Colbeck: Helping DPS without harming other schools
There are approximately 47,000 students in the Detroit Public Schools who are struggling to get access to a quality education. The reasons for this struggle are varied and complex, but one of the critical issues is the DPS debt. Gov. Rick Snyder is committed to finding a way to retire $515 million of DPS debt. It is vital that these debt obligations be met. It is equally important, however, that these debt obligations be met without impacting the finances of other school districts in our state.
We need a solution that does not dip into the School Aid Fund to provide targeted aid to Detroit. Dipping into the SAF would simply increase the likelihood of other school districts joining Detroit in the insurmountable debt category. In order to find a solution that does not hurt other school districts, it is time to take a serious look at non-government funding sources.
Recently, decades of mismanagement by the city of Detroit were resolved via a bailout that featured overwhelming generosity from non-government sources interested in preserving the financially troubled Detroit Institute of Arts. It was an example of government officials looking beyond tax increases to solve a problem. Do you share my belief that the students in Detroit are infinitely more valuable than the DIA? Given the proper environment, the students in Detroit will create works of art and commerce more gratifying than anything currently hanging on a wall in the DIA.
So let’s find a way to promote this environment.
What if there was a way to help the students and still hold the bureaucracy responsible for mismanagement accountable? It turns out there is a way.
What if instead of allocating funds directly to bureaucrats in school districts, school funds would be deposited directly into student-specific Educational Savings Accounts? The accounts would operate much like today’s Michigan Education Savings Plan for higher education but would be eligible for educational services at all levels. By doing so, parents, not bureaucrats, would direct how that money is spent.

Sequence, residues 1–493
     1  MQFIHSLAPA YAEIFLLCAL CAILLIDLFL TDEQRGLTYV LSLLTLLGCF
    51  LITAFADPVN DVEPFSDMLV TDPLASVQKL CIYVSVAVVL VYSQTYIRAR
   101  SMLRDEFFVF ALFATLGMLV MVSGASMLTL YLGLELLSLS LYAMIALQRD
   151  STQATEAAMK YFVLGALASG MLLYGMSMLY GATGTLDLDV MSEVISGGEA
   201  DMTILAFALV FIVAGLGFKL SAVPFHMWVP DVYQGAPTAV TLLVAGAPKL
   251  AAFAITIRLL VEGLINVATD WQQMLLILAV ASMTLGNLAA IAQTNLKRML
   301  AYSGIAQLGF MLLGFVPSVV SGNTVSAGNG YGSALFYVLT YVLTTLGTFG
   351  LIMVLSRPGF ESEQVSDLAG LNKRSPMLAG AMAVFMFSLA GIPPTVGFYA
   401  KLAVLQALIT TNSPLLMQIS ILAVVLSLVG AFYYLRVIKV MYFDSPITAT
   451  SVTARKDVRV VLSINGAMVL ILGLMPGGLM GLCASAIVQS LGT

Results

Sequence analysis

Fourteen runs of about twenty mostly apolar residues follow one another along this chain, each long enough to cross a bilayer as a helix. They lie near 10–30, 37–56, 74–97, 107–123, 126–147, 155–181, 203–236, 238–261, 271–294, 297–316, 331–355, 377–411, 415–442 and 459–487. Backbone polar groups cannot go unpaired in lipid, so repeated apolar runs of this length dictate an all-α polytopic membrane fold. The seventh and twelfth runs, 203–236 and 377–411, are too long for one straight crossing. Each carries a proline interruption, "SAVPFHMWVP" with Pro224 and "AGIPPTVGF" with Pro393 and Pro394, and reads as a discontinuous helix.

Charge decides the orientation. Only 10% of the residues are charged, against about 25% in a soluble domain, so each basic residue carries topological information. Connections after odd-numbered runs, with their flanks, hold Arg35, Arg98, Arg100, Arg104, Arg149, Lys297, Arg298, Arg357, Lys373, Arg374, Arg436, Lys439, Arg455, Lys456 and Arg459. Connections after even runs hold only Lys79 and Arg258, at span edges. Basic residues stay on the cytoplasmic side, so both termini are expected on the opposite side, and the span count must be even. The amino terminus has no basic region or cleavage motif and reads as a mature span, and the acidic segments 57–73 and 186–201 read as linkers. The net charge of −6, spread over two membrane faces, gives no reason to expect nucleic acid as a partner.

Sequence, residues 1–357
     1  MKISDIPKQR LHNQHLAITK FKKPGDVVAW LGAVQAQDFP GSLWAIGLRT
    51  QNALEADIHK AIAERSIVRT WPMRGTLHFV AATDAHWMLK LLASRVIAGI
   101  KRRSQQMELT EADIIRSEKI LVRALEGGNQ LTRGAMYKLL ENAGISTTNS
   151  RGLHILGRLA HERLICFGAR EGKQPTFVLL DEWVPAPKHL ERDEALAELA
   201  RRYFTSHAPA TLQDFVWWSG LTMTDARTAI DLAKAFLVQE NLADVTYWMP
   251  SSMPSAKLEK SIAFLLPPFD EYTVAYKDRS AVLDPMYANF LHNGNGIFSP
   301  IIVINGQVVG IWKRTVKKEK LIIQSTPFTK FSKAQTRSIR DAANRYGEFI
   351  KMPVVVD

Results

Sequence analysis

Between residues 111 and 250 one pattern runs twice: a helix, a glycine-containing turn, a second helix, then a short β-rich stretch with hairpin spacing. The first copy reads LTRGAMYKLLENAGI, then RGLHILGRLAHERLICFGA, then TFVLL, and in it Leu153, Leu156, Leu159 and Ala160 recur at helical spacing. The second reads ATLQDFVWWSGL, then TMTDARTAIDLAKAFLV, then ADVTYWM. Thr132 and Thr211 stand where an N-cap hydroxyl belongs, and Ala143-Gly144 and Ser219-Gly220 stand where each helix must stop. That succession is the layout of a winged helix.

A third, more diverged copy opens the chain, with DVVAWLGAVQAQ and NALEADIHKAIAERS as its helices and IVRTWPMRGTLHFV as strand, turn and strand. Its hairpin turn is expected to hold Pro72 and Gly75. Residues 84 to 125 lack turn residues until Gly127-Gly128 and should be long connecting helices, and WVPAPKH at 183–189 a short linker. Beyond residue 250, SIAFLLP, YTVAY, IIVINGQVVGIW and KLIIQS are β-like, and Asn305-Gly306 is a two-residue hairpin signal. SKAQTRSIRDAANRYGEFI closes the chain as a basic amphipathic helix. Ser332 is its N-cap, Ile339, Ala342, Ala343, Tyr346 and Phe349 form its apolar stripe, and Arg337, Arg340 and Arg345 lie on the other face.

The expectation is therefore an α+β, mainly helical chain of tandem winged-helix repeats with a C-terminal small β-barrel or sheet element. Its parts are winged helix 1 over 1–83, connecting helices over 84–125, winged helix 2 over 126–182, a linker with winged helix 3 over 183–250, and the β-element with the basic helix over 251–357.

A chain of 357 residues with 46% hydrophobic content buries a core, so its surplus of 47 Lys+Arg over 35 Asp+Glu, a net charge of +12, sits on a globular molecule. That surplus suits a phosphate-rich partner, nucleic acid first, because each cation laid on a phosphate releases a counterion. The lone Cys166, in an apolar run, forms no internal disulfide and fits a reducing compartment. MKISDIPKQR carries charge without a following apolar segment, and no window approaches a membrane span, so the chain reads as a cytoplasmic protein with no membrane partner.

Furthermore, student-specific ESAs open the door to third-party contributors with a vested interest in the success of an individual student. Examples of such contributors include prospective employers struggling to find qualified workers, philanthropic foundation grants or consumer-loyalty program participants interested in directing their loyalty awards to a specific student or group of students.
In order to erase Detroit’s debt, only $1,500 per student per year needs to be added to these accounts over the next 10 years. Many Detroit schools are already operating with third-party contributions of well over $5,000 per year per student in exchange for work-study arrangements. Loyalty programs are an $80 billion market nationwide. Foundations stepped in with over $300 million to bail out the city of Detroit.
The state simply needs to implement a mechanism for these organizations to contribute in a way that is specific to an individual student. The best way to do this is an Educational Savings Account.
It is important to note that that ESAs would help solve funding issues well beyond DPS. Do you think that DPS is the only school district seeking additional funding? What about students struggling with the high cost of college education? ESAs provide a way to address these issues too … without raising taxes.
State Sen. Patrick Colbeck is a Republican
from Canton Township.